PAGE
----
1. Discuss how the x-ray machine has changed the treatment of broken bones. What problems could have happened before we had x-rays?
2. Healthy bones are always growing. Our bodies repair them when they age. Discuss how diet, exercise, and age affect the health of our bones.
3. Suppose that a tiny camera could replace a person’s eye. How could having a camera for an eye help you? What problems would you have?
4. Noise pollution (excessive noise) is a problem for today’s hearing health. What sources of noise pollution can affect our hearing? How can we protect our ears from noise damage?
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You can use a five-point rubric to evaluate student work:
Five points: survey questionnaire designed; survey completed with 15 responses; graph designed correctly; data entered correctly on the graph; student participates in discussion.

Three points: survey questionnaire partially complete; survey completed with 10 responses; graph designed correctly, but with minimal labeling; some participation in discussion.

One point: survey questionnaire incomplete; survey completed with five responses; graph partially designed, not labeled; student does not participate in discussion.

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Safety First!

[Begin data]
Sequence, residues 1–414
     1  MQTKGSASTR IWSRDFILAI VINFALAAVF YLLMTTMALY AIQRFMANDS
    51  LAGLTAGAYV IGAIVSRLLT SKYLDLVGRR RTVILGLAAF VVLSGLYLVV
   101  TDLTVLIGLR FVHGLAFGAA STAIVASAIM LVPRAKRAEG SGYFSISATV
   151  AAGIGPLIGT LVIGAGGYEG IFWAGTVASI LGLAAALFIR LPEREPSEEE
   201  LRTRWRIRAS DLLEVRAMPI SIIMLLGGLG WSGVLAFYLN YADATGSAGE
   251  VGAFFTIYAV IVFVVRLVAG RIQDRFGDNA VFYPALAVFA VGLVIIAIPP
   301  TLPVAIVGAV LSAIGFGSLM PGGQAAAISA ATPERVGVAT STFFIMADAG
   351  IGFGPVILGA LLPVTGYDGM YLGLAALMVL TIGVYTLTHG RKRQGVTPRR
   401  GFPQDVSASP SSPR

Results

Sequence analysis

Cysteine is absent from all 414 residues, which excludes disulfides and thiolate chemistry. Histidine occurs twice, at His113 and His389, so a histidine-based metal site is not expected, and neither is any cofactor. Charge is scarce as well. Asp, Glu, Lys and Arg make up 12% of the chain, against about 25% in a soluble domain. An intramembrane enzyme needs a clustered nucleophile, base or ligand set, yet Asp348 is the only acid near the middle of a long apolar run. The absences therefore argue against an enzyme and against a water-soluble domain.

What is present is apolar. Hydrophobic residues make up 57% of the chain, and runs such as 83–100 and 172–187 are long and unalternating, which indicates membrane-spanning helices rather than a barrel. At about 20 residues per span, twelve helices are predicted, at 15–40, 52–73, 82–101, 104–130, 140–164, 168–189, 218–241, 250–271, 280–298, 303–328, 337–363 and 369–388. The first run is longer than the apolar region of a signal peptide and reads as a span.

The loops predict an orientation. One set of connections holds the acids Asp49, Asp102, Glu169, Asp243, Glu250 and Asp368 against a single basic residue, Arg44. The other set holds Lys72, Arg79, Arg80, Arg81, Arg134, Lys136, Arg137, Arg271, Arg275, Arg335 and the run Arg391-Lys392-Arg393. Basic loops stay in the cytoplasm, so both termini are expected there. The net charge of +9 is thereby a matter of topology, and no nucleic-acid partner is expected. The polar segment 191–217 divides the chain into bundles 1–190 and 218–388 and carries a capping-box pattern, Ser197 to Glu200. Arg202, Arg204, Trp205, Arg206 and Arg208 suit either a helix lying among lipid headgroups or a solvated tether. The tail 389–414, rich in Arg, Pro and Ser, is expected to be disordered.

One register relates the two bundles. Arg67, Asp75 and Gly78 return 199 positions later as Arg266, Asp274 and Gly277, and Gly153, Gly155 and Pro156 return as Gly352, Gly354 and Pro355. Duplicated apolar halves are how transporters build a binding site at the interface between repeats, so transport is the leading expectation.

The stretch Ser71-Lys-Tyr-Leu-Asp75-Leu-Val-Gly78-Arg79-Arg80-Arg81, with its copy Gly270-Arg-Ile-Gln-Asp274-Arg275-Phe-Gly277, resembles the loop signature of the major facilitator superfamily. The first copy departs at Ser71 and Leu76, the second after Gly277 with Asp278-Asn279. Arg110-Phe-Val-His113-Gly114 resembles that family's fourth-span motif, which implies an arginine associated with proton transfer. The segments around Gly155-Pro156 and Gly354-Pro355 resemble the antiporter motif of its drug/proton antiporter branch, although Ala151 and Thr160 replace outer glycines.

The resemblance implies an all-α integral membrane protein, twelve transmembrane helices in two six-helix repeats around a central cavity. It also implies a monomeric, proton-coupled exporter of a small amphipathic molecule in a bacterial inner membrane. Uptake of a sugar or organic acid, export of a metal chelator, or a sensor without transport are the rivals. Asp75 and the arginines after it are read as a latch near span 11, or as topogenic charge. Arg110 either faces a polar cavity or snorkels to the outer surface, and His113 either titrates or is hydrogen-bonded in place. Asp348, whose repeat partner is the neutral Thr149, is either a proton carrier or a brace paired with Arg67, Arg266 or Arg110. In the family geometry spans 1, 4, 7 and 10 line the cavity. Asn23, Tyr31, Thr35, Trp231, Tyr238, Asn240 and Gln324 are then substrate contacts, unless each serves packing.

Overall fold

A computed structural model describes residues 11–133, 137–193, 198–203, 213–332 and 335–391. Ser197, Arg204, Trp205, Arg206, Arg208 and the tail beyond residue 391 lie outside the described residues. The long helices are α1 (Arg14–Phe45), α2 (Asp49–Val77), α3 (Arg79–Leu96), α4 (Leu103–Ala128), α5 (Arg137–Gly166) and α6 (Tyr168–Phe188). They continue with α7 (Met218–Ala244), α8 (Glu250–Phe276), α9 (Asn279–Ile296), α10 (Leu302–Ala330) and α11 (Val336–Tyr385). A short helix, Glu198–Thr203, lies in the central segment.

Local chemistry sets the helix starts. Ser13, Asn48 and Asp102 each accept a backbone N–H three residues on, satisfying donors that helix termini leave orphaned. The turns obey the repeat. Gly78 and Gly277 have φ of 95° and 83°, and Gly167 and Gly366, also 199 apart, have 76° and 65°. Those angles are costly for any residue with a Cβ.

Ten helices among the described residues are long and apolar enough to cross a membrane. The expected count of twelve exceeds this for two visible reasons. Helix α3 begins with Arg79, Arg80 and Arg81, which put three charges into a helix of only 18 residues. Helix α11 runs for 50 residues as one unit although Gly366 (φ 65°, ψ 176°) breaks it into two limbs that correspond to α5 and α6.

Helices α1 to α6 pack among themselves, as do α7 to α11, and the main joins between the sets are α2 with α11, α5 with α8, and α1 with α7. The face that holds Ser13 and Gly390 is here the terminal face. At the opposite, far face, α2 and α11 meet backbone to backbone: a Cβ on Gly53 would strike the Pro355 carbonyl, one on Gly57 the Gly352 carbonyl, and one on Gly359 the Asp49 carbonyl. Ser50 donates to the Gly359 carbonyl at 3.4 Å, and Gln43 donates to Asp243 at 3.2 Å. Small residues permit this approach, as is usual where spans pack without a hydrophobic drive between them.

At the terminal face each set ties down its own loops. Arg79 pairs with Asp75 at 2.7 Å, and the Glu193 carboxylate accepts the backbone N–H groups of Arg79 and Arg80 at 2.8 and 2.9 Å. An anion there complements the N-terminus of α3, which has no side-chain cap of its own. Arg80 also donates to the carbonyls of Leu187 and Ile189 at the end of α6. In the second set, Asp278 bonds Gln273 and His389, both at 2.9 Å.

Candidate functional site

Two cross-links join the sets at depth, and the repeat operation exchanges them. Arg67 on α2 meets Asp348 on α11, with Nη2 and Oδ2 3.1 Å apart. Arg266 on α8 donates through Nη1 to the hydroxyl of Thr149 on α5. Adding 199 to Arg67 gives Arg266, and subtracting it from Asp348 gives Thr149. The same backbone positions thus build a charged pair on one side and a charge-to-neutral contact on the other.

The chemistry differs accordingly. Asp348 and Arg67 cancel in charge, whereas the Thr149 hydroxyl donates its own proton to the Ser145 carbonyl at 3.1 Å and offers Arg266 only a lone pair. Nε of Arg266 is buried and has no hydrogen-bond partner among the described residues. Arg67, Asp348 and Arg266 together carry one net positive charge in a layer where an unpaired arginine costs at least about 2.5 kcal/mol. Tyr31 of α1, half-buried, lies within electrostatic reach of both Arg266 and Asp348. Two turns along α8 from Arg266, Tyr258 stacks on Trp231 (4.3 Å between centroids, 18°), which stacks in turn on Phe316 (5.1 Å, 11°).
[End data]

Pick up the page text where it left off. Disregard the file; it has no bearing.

Have your students make a list of ways that people could improve the safety of their work, play, and school environments and reduce the risk of broken bones. Make sure they touch on safety equipment, health factors that influence bone strength, and behavior. You might also invite your school nurse to talk to your class about preventing broken bones.

Look Out!
To help your students understand how human vision compares to camera vision, take the class outside and have each student walk around a proscribed area while looking through a cardboard tube. Then have them repeat the same path using their regular vision. When they are finished, lead a discussion about how the two forms of vision were different.

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Suggested Readings

How the Body Works
Steve Parker. Dorling Kindersley Limited, 1994.
This book invites youngsters and teachers to discover our amazing human body with hands-on fun. It is chock-full with experiments that teach everything from why our bones are so strong to how nature and technology help us exceed our limits. The clear, colorful photographs make the experiments easy to understand.

Human Body
Mary J. Wright. Time-Life Education, Inc., 1999.
This vibrant, in-depth book pulls you into to the story of how our bodies work and mend. With timelines, diagrams, sidebars, and humorous graphics, you can’t help but turn the page! It also contains interesting “how and why” trivia as well as a glossary and an index.

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Children and Crime Prevention
This site, which is sponsored by the National Crime Prevention Council, includes games and projects for students on safety, many of which can be downloaded for student use.

No Bones About it—Drink Milk for Calcium
This site was created for students age 9 to 14 to encourage good nutrition for strong bones and good health. Find fascinating facts, games, and information for parents and teachers!

Seeing, Hearing and Smelling the World
The Howard Hughes Medical Institute has created this site for science and health information on how the senses work.

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Click on any of the vocabulary words below to hear them pronounced and used in a sentence.

speaker    bionics